The government chose 30 March as the day to simultaneously issue dozens of documents on energy and climate change. These include policy documents, consultation responses, new consultations and research papers. We have gone through them to pick out the biggest announcements.

Continued ambition on offshore wind

2020’s Ten Point Plan for a Green Industrial Revolution pledged to quadruple offshore wind production to 40GW by 2030, which was increased to 50GW in 2022’s Energy Security Strategy. The new policy document Powering Up Britain repeats the 50GW promise and announces the launch of a Floating Offshore Wind Manufacturing Investment Scheme to improve UK port infrastructure. Applications to the scheme are now open and there is guidance on how to apply.

A draft National Policy Statement (NPS) on Energy, also published today, states that the government now sees the provision of new offshore wind infrastructure as “a critical national priority (CNP)”. The CNP status would expedite the delivery of this infrastructure.

New taskforce on solar

The Energy Security Strategy had already set out the ambition to quintuple solar capacity by 2030, which could take us to 70GW. The Powering Up Britain document restates this target, which would be enough to power over 20 million homes. It says that government is seeking large-scale deployment of ground-mounted solar and widespread deployment of rooftop solar. Following the recommendation of the Independent Review of Net Zero, it is setting up a taskforce to deliver on this.

Hydrogen projects announcement

The 2021 Hydrogen Strategy includes the goal of creating 5GW of low carbon hydrogen capacity by 2030. In 2022, the Energy Security Strategy doubled this to 10GW. The Net Zero Hydrogen Fund, worth up to £240 million, was set up to support the development of this capacity. The government has now announced which projects have been successful in the first round of the competition for for the funding. They include a hub on a former MoD site in Pembrokeshire, the port of Felixstowe and a world first in using green hydrogen for glass production in St Helens.

There will be a second round of bids for funding later this year and a hydrogen production delivery roadmap by the end of the year.

Pinning hopes on CCUS

The Spring Budget included up to £20 billion of funding for carbon capture, utilisation and storage (CCUS), showing how important the technology is for the government’s decarbonisation plans.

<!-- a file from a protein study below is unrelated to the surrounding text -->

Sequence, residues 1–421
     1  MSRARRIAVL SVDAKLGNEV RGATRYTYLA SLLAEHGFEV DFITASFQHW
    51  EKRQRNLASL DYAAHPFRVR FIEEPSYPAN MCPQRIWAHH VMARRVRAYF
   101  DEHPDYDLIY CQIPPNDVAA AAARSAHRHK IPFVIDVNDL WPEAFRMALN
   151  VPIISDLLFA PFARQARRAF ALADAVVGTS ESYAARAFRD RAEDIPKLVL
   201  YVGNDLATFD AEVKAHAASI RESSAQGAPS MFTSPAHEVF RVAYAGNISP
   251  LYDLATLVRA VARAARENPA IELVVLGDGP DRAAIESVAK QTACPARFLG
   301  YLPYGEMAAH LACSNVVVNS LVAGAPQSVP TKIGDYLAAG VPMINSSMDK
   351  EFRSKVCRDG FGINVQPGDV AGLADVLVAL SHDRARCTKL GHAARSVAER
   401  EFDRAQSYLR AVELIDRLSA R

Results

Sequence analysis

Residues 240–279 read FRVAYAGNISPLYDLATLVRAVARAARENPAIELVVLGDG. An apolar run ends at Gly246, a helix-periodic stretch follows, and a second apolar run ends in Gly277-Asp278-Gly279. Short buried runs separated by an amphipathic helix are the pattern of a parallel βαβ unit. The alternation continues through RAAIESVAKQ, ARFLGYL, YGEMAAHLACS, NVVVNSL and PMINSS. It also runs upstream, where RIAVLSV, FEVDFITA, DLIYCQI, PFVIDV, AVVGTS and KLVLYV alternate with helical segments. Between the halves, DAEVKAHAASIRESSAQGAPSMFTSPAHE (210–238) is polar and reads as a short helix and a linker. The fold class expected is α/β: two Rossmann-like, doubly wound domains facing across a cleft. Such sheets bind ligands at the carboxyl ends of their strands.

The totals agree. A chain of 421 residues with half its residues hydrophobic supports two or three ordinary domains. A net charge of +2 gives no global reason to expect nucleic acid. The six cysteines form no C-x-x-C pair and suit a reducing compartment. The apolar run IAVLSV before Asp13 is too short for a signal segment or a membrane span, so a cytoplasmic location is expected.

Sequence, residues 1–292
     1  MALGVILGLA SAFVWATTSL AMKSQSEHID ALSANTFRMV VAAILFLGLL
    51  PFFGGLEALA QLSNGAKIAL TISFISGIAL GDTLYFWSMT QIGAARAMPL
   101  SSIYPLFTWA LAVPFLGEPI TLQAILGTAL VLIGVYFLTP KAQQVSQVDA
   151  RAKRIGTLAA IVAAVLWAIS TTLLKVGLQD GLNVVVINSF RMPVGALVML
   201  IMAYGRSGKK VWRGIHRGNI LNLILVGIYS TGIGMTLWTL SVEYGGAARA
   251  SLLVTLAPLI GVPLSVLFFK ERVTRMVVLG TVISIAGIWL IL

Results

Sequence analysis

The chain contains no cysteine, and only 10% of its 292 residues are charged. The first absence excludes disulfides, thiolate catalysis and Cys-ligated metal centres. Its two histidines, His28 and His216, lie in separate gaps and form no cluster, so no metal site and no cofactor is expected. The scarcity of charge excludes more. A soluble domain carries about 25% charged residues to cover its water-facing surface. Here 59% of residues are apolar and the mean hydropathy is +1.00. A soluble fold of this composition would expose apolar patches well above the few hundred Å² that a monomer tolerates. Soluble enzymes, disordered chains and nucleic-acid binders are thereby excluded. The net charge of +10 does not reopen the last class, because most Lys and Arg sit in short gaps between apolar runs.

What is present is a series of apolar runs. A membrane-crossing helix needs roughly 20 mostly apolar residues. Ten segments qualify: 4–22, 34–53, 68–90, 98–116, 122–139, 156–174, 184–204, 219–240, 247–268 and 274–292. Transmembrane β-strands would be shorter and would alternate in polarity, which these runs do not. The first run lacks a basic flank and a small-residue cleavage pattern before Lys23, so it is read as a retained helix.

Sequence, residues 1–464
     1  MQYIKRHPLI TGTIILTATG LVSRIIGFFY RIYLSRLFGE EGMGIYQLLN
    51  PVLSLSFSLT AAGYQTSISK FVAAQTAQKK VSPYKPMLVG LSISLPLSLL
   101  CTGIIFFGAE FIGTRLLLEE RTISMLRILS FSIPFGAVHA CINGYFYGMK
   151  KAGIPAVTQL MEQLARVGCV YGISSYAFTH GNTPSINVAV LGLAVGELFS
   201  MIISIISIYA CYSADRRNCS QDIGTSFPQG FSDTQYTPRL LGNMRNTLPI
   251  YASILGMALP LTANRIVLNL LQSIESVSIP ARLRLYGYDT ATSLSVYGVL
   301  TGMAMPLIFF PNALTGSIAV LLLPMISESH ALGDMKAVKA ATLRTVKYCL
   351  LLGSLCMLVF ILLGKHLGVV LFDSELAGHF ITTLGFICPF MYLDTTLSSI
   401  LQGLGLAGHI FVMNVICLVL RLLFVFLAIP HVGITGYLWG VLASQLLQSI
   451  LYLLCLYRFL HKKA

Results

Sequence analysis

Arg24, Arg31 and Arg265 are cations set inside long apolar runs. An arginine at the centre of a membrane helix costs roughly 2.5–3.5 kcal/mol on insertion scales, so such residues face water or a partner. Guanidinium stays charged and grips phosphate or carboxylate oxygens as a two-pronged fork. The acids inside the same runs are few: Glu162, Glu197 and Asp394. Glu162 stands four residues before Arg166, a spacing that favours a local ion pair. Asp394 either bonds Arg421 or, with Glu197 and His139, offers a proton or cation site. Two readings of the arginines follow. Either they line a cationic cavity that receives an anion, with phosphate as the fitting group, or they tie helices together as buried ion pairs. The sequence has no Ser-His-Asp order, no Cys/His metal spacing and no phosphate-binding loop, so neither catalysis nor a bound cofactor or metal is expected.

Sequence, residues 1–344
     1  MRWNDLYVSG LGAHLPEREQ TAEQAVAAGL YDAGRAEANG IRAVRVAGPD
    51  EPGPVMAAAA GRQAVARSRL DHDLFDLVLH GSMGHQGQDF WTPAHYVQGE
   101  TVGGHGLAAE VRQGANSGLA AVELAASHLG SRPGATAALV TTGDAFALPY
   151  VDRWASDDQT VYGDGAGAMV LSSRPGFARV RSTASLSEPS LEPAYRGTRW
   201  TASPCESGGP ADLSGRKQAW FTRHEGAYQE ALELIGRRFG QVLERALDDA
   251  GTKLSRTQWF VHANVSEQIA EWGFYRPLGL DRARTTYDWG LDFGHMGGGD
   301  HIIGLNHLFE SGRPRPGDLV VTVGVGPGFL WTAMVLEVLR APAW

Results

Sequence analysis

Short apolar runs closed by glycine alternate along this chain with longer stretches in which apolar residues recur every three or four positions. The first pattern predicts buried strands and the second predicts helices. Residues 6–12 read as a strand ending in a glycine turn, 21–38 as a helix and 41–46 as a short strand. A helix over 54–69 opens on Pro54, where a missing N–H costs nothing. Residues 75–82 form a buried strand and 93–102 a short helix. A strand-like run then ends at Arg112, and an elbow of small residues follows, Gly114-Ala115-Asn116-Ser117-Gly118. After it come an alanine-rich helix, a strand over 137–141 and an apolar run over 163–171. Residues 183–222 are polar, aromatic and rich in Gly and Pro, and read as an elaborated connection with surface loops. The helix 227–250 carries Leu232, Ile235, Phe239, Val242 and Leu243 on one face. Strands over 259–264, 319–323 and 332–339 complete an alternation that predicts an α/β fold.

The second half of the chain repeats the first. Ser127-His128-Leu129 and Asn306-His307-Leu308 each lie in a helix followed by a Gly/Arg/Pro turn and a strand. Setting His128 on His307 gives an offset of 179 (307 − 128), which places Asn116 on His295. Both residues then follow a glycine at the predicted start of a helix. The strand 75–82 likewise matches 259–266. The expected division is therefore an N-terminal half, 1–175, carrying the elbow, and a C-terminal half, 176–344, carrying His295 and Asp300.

It has selected eight CCUS projects from its “Track 1 CCUS clusters” that will now be able to negotiate for government support. They represent a range of CCUS technologies. Now Track 2 is open and there is guidance on how to come forward with an expression of interest.

The government has also just launched a consultation on possible business models for hydrogen production and industrial carbon capture. The Powering Up Britain document mentions that these new business models may require government to introduce new legislative powers.

New body: Great British Nuclear

The government has created a body to be responsible for driving the delivery of new nuclear projects. Great British Nuclear (GBN) will be based in or near Greater Manchester. In April 2023, according to the Carbon Budget Delivery Plan, GBN will launch a competitive process to select the best Small Modular Reactor technologies. GBN will eventually have a statutory role (when parliamentary time allows for the legislation to go through).

Cleaner heat, warmer homes

So the Energy Company Obligation (ECO) scheme, where energy suppliers pay a levy to tackle fuel poverty and reduce carbon emissions, is being extended. The new Great British Insulation Scheme will help a wider number of households – around 300,000 of the UK’s leakiest homes. The government is expecting to spend £1 billion  on this project and complete it in three years.

The Powering Up Britain document says: “We want to make it as cheap to buy and run a heat pump as a gas boiler.” For this reason, they will be extending the Boiler Upgrade Scheme by three years. They have also launched a Heat Pump Investment Accelerator Competition to incentivise the manufacturing of heat pumps in the UK.

The government has also just launched a consultation on clean heat.

Adjusting the course for net zero

The government’s original net zero strategy was ruled as “inadequate and unlawful” by the High Court last year. It was legally obliged to amend the strategy within eight months of the July 2022 ruling, so 30 March 2023 was very close to the deadline. Since then the Independent Review of Net Zero has also sounded the alarm on government’s inadequate decarbonisation progress. The Net Zero Growth Plan and Carbon Budget Delivery Plan can both be seen as attempts to deliver more solid detail on the UK’s net zero strategy.

On a day when 44 documents were released at once, it is impossible to share all the developments in one article. But in the coming days, the Energy Advice Hub will be digging into the detail of the recent policy announcements and what they mean for UK business. Stay tuned for more updates.